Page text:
For two years now, faculty, administrators, students, and staff across Johns Hopkins have been engaged in a self-study that is the centerpiece of the university's upcoming reaccreditation by the Middle States Commission on Higher Education, a process that occurs every 10 years. A reaccreditation steering committee has released a draft self-study report, available at http://web.jhu.edu/administration/provost/reaccreditation, and the committee is asking for your feedback.
In addition, a series of town hall meetings will be held during the first week of December on various campuses (see below). Hosted by members of the Reaccreditation Self-Study Steering Committee, the meetings will allow members of the university community to discuss the draft. A final version of the report will be delivered to Middle States and an evaluation team in March.
"Reaccreditation and our self-study provide an opportunity for strategic thinking about ways to improve and strengthen the university," said President Ronald J. Daniels and Provost Robert Lieberman in an email sent to the university community last month. "The fundamental questions are, How are we doing, how effective are we as a university, and how could we do better?" they said.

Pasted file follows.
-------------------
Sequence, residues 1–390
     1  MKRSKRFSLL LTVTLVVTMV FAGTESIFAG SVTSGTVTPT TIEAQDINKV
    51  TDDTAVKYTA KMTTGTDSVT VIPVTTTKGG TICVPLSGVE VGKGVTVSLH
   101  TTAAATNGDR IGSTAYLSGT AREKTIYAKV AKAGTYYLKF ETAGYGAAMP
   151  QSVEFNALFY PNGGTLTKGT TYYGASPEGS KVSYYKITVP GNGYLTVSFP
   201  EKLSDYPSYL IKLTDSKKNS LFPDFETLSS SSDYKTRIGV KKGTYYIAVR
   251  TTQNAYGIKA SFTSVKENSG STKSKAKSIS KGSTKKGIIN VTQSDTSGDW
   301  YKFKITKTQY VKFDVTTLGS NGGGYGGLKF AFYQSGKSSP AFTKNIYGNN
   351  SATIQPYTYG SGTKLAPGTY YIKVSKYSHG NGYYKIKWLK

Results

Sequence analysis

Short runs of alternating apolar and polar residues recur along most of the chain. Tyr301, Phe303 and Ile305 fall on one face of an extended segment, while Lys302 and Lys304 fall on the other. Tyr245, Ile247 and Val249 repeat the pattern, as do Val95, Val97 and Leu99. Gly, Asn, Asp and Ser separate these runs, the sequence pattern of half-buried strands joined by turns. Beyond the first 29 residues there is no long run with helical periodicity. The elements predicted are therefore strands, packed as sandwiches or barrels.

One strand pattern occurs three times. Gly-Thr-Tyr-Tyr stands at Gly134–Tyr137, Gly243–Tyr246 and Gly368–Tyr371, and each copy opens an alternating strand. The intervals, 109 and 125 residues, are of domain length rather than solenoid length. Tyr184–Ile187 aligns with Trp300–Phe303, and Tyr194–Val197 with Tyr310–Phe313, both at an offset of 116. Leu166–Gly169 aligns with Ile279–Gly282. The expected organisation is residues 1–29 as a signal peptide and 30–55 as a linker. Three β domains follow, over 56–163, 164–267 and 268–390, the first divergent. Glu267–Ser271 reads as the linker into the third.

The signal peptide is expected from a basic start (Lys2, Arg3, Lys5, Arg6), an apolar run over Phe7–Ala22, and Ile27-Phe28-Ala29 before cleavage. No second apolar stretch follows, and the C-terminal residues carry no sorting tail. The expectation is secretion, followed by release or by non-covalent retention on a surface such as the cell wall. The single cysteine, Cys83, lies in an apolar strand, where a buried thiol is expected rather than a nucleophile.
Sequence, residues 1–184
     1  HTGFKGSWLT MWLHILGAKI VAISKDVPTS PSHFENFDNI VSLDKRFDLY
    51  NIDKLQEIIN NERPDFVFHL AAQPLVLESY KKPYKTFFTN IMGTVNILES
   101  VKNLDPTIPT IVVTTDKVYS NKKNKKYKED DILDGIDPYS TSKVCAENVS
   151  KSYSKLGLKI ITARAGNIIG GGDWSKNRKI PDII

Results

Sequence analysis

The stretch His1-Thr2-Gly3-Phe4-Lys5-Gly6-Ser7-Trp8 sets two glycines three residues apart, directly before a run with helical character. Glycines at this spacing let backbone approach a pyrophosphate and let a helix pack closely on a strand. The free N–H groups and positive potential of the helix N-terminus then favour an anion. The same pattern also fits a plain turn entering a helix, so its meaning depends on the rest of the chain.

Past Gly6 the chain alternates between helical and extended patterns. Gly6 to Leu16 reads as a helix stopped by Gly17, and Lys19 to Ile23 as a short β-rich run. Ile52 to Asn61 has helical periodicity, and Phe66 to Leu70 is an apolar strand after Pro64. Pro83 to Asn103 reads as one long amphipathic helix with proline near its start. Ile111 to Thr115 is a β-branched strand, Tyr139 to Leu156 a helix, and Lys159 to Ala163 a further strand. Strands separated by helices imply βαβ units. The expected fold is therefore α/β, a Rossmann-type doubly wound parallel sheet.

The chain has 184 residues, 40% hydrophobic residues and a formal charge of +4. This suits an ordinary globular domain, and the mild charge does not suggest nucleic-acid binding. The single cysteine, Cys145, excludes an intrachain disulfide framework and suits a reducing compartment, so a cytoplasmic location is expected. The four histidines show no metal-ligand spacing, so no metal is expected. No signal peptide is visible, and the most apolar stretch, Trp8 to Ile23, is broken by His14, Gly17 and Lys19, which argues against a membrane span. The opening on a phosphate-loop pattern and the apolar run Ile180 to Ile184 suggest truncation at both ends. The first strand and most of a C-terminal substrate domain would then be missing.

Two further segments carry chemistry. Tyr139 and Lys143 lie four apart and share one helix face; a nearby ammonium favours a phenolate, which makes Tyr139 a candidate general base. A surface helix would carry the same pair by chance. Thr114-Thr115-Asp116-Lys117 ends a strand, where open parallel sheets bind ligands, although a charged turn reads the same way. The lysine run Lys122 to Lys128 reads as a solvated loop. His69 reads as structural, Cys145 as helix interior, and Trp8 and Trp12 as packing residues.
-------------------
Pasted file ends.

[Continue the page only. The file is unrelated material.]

The draft self-study report, they said, serves to answer these questions while demonstrating the university's compliance with 14 accreditation standards in areas related to governance, faculty, educational offerings, student services, and administration, among others.
One of the most important issues addressed in the self-study concerns the effectiveness of student learning. For that reason, the steering committee has chosen to highlight in the report two strategic initiatives.
"We are committed to exploring how we could better teach, and how students could more effectively learn, in our large introductory science courses, which is why we launched the Gateway Sciences Initiative in 2010," says Jonathan Bagger, vice provost and chair of the Reaccreditation Self-Study Steering Committee. "We are also looking carefully at the future of PhD education at Johns Hopkins, so that is another area of emphasis in our self-study."
The university's self-study report builds on individual self-studies that were conducted by each school. The committee then worked to knit together the lessons learned, says Phil Tang, assistant vice provost and vice chair of the steering committee.
"Throughout this process, our committee has sought to identify opportunities for and barriers to collaboration across our nine schools," Tang says. "While the instinct is to see reaccreditation as a bureaucratic exercise, in truth this has been an important opportunity to survey our progress toward many of the university's goals," he says.
The university's accreditation site visit will take place in May 2014. The evaluation team, composed of faculty and administrators from other colleges and universities, will be chaired by Thomas Rosenbaum, who currently is provost of the University of Chicago and was recently appointed the next president of the California Institute of Technology.
Middle States will issue its report on Johns Hopkins' reaccreditation bid next fall.